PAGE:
At the beginning of the course, I convey to my students the instructions issued by the dean’s office regarding over-prepared students. I repeatedly stress the importance of enrolling in a class suitable to his or her level; this can maximize their learning outcome. I also encourage students who are uncertain about their level to take the online placement test posted in our department and to talk to me should they need further assistance. A number of students follow my request and switch classes accordingly. I also elaborate details on the course outlines; I shed important light on the nature of the course and its objectives.

In addition, I explain the mark distribution so students know exactly what is required of them. I also call students’ attention to the importance of the course textbook, although the textbook itself is somewhat problematic because it does not always sufficiently explain certain concepts. For this reason, it is crucial the professor, at his or her discretion, adds or omits aspects of the textbook. I also take into consideration the practical applications important to everyday use of language which are not included in the textbook.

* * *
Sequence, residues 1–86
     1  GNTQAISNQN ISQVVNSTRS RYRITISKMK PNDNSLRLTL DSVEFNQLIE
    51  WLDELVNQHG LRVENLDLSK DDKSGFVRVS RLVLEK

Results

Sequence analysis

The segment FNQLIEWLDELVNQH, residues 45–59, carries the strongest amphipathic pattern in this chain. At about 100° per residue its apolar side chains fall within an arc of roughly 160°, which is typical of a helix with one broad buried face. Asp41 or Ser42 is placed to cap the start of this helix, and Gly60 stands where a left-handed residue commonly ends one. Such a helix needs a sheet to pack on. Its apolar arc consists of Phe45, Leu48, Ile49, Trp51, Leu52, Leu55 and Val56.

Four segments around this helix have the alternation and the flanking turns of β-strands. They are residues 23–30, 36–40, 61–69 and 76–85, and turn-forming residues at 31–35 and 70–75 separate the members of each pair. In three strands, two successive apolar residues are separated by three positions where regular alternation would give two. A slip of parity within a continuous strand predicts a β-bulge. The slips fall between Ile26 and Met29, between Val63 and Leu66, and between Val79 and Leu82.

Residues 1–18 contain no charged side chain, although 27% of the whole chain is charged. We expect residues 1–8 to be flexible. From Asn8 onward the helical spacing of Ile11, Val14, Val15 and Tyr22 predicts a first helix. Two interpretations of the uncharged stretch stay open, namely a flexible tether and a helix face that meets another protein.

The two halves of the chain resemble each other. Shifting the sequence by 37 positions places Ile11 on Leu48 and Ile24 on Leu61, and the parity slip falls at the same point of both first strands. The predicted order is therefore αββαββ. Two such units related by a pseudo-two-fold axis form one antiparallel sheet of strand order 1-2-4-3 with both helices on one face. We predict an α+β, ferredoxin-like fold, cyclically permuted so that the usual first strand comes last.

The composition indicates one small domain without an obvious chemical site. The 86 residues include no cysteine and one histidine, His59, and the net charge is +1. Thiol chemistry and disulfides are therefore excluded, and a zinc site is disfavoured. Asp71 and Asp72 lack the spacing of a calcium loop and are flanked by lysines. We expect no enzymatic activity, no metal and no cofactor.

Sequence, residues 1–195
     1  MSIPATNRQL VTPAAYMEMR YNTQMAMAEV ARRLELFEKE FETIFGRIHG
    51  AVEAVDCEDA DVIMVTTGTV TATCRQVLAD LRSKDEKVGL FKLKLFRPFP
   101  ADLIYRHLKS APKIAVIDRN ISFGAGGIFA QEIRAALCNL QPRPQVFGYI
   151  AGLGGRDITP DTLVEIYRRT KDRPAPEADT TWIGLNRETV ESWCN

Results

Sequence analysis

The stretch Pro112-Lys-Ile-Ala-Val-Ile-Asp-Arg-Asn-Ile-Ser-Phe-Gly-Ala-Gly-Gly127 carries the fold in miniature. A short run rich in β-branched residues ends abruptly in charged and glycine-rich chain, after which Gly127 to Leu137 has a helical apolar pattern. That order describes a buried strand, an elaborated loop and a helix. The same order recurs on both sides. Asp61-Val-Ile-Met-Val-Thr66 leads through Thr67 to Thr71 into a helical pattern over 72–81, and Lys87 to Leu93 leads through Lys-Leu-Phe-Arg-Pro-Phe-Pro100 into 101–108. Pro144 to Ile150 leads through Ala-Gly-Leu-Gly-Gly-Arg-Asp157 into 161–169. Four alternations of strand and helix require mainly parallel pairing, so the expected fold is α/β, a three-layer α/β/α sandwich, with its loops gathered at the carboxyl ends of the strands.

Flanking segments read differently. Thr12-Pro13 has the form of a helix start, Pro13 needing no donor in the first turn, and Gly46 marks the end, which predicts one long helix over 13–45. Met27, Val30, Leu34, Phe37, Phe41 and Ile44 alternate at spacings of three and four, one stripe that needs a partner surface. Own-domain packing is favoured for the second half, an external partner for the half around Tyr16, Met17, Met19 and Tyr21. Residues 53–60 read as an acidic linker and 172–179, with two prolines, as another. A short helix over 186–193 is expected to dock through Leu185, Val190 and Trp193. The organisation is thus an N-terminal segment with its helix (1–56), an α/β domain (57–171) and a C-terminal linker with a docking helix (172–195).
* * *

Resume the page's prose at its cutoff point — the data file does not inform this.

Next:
At the beginning of each class, I read and explain a passage from the textbook, after which I ask questions pertaining to the passage. Furthermore, I assign questions which are meant to diagnose problem areas for students; those who do not do well are encouraged to see me so I can assist them in learning from their mistakes.

Like any foreign language, learning Arabic depends on practise. Therefore, I always remind students in-class instruction alone is not sufficient to fully grasp the language. Effective learning is accomplished when students reinforce their in-class learning by practicing outside the classroom.

Students should invest their time and effort by involving themselves with native speakers of Arabic who are well educated in Fusha (standard Arabic). To facilitate such involvement, I urge students to attend tutorial sessions run by work study students who are advanced students of Arabic. These tutorials offer students the opportunity to practice their oral and written Arabic. It has proven particularly useful for newcomers to Arabic and for students struggling in intermediate and advanced Arabic.